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  • Earl Sullivan

Bawa, the Phenomenon


Tony enjoying a lovely day at 'Flat Bawa'


We all love a surf trip, that goes without saying, but getting skunked on a surf trip, well, no one likes getting skunked. Onshore winds and a lack of swell are the 2 most common factors in a skunking.


Having done some lengthy trips to Baja and Mainland Mex, I’m familiar with whiling away windy afternoons, hunkering down through hurricanes, and getting through flat spells by surfing miniscule beach breaks with creative zest such as no fins. This was all just part of the game back then. This was pre-internet, pre-swell forecasting, and pre-Indonesia…imagine that!! If you can…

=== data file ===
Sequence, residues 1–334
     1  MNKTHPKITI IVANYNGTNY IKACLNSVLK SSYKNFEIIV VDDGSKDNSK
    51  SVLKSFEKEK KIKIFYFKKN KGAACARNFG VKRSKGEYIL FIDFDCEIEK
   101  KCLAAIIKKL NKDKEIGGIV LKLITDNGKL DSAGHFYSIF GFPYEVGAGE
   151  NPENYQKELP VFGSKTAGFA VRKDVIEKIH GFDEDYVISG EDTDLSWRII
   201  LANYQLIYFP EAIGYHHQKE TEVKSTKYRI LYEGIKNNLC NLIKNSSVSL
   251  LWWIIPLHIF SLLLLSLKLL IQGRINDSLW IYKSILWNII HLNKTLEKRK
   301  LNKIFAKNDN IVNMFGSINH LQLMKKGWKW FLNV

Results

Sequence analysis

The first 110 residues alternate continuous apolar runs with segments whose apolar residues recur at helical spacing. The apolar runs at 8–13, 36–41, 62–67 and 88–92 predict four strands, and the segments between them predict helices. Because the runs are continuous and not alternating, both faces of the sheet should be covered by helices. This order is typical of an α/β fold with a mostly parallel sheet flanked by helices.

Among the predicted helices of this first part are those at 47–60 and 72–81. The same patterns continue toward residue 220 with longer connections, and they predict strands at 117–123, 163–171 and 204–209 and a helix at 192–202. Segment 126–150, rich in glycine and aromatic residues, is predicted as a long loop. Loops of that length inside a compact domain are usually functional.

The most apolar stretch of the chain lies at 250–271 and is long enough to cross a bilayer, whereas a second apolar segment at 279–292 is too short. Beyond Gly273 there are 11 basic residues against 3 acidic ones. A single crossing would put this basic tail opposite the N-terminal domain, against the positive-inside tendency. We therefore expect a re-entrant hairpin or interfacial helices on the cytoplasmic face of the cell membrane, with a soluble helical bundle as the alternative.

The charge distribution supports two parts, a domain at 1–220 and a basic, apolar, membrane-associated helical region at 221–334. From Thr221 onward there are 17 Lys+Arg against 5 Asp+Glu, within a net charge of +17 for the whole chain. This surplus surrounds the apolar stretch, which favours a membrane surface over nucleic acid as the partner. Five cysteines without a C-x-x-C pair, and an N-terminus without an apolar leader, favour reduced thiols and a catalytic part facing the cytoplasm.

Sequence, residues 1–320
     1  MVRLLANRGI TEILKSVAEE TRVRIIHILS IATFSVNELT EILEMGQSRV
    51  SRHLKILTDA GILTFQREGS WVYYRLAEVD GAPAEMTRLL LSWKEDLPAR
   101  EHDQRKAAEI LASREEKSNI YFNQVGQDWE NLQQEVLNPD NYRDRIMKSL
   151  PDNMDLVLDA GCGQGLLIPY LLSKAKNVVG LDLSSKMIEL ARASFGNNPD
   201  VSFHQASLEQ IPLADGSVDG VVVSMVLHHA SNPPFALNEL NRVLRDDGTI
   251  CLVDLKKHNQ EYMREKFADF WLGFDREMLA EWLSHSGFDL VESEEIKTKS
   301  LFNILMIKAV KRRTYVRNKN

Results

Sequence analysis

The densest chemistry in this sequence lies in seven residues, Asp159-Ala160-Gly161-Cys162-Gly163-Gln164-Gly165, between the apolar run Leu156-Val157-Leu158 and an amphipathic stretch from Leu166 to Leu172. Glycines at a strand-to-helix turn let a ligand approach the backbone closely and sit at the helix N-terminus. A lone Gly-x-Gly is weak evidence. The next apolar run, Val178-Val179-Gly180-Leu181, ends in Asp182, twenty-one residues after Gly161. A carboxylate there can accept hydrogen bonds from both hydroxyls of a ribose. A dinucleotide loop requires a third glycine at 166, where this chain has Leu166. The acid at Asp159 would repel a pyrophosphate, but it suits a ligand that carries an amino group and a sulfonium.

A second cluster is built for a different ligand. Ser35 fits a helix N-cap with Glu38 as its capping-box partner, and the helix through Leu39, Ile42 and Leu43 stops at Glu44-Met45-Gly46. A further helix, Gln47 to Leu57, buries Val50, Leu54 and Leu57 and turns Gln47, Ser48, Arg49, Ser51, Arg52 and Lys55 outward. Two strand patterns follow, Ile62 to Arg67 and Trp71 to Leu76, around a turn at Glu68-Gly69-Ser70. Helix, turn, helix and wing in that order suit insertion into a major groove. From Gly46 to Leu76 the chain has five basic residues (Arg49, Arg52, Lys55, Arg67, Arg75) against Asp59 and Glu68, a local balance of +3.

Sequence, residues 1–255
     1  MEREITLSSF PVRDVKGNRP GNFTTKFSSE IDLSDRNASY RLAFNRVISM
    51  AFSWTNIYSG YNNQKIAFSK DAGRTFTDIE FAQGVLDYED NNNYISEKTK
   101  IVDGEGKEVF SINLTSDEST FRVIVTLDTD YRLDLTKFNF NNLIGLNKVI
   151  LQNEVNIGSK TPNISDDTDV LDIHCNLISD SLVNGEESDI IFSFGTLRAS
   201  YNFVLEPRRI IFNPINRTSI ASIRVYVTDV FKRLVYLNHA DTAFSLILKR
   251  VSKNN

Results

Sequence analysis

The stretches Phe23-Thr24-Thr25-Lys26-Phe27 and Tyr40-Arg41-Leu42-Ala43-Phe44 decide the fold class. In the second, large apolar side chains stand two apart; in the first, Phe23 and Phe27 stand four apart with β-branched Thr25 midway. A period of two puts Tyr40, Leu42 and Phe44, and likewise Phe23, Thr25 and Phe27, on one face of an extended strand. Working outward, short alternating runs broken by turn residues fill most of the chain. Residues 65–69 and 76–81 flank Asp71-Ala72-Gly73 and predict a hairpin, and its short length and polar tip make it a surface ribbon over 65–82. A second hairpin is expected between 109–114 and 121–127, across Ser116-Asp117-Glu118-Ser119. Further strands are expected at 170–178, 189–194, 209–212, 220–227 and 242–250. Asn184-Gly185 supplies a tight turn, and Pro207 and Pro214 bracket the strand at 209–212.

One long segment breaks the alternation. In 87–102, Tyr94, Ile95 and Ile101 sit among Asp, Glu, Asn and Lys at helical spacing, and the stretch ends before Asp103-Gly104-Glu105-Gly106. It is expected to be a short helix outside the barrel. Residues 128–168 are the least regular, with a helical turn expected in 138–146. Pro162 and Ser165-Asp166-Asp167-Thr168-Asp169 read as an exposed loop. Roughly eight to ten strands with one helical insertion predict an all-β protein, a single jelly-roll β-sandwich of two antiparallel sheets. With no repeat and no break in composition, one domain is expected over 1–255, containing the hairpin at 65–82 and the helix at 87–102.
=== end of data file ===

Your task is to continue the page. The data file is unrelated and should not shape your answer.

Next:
When I took my first surf trip to Indonesia in 2004, I was smitten. A slew of tiny islands in relatively close proximity, conveniently serving up off-shore conditions, on one side or the other, in just about any wind direction. A wide Indian Ocean exposure to the southwest with 2500 miles of fetch reaching from right below the Cape of Good Hope in South Africa. This new surf experience changed my life, in a myriad of ways.


In 2007, I found the Hinako Islands. The description of the Hinakos in the Wavehunter pocketbook captured my intrigue. Key words such as ‘deep water right and left handers’, ‘swell magnets’, ‘complementing offshore exposures’, ‘dishing up juicy and powerful Hawaii-like waves’… I had to see for myself. And I did. Then the Hinakos reeled me back in, again and again.


In 2009, we took over Asu Camp on the point at Asu and never looked back.